There were so many new pleasures in those early days. Everything was of course pain-pleasure; there is no happiness in India without regret, but of this I was barely aware when for the first time I came to Delhi and found, as better men have found, no room at the inn, or at least not in the Imperial. Instead I bestowed myself in Old Delhi, in the Cecil – and the Cecil cushioned me sweetly from everything of truth. My room opened onto a courtyard almost filled with a pool in which the waterlilies grew and from which at night the fine fat frogs sent out their uxurious honking which so maddens some people but which to me is a most satisfying sound, the deep onkh-onkh which is that of the Tibetan horns on the Himalayan passes, and of the fat frogs in a Delhi pond.
But before night fell I would walk into town by the Kashmiri Gate, or down towards the Jumna River; it mattered little to me, everything was new and everything was wonderful. There was a time they called the cow-dust hour. The term came from the villages, as everything in India does, but here, walking along the Ridge, anywhere around the perimeter of the Delhi walls, it just meant the vague blue haze through a hundred trees, the smoke of a thousand evening mealtime fires, a thousand Indian wives crouching over chapattis and dhal on mudbrick stoves, the scent of the burning fuel-dung, the spectral cawing of the crows, homeward bound like us all. It was preposterously romanticized and possibly even dishonest, but it was my first knowledge of India and it never left my mind. (p. 89)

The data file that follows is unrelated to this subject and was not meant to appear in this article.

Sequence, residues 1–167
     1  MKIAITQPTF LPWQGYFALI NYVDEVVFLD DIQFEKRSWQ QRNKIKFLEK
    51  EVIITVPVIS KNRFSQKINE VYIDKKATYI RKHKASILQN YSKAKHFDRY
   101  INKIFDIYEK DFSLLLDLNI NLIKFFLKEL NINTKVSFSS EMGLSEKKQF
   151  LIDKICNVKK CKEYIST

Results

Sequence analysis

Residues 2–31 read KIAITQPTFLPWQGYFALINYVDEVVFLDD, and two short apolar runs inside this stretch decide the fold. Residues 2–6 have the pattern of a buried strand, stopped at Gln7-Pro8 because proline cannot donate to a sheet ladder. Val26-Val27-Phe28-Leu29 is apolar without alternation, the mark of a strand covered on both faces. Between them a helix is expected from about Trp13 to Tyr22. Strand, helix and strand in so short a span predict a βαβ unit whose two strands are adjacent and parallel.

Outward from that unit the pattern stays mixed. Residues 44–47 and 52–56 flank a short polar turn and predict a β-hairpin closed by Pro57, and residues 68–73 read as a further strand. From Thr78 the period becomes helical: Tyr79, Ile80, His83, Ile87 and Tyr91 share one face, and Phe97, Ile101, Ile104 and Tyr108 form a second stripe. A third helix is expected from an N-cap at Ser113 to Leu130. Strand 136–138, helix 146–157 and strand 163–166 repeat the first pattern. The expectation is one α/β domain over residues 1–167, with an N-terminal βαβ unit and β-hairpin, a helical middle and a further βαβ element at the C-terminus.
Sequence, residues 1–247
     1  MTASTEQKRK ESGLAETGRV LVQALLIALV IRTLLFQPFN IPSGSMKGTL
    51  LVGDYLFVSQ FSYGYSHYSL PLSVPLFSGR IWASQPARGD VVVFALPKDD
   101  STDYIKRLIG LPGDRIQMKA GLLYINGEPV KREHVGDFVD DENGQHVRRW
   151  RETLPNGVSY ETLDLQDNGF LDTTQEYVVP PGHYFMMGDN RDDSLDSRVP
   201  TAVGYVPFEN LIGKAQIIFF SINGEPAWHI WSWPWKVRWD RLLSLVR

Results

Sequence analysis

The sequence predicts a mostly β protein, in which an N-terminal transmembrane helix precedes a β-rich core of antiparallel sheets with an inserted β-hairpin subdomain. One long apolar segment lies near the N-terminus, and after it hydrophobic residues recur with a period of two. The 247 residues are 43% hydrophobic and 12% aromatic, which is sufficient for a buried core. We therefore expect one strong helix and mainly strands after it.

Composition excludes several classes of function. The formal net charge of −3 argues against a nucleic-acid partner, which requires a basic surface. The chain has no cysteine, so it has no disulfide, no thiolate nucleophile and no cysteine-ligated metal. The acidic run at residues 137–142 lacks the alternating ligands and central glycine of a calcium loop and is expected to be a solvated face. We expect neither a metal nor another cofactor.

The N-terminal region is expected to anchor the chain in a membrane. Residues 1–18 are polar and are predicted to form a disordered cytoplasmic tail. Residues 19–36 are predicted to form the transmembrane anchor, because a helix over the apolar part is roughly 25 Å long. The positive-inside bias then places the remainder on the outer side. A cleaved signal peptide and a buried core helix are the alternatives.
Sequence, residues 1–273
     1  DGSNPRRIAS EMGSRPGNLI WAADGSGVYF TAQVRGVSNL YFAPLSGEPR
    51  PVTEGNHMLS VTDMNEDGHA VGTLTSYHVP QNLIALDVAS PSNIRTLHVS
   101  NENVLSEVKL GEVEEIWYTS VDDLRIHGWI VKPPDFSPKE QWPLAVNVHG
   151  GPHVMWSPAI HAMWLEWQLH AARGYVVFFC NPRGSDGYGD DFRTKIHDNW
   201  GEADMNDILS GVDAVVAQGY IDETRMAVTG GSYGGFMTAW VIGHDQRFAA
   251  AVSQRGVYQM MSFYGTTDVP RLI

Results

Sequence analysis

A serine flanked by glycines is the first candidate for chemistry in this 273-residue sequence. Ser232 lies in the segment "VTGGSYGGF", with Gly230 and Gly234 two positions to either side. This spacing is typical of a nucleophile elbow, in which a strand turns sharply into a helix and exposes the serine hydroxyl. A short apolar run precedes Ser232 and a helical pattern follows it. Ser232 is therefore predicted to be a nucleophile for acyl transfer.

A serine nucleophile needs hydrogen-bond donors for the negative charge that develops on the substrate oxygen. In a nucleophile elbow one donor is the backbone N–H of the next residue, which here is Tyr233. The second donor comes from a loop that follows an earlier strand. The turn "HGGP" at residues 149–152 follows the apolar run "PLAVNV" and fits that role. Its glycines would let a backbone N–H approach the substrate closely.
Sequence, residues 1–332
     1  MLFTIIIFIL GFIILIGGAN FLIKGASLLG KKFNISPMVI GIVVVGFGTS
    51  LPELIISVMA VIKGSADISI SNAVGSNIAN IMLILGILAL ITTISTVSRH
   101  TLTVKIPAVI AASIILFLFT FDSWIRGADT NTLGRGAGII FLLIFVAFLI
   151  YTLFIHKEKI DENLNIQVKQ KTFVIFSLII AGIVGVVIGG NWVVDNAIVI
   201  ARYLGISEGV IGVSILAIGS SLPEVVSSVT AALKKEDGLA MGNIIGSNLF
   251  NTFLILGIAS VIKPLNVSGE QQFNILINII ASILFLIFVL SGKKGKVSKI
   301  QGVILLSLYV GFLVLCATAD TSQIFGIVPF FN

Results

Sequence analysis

As a young learner of journalism in the India of the 40s, I was zealous enough to feel inadequate without some means of talking to and understanding those about me. I bought an elaborate book called Hindustani Self-Taught, and spent long hours in its study. I worked up a hesitant acquaintance with the simpler clichés. If I wanted a bath at seven I could bring myself to say: “Ham sat baje guram gusal maingte hain.” If I wanted a message delivered I said: “Chithi lejao aur jawab lao.” When repeated often enough and loudly enough, and if I waved an envelope in my hand and gestured urgently towards the street, the phrase worked wonders; the chaprassi would nod eagerly and say: “Okay, sahib want letter taken.”
I felt as one always does in a new country the need to go a little farther than this and to be able to articulate the few courtesies that might indicate, at the least, goodwill. My phrase-book, however, suffered from the incurable complaint of all phrasebooks designed for communication between masters and servant: it was unable to think otherwise than in brusque and peremptory commands. “Keep quiet. Come here. Go away. Cook more quickly and more better the tiffin. Wash more. Wake up. Stand still. Bring me instantly tea/coffee/whisky-soda/ammunition/good shirts/vinegar. Do not lie to me. Go. Stay. Withdraw.”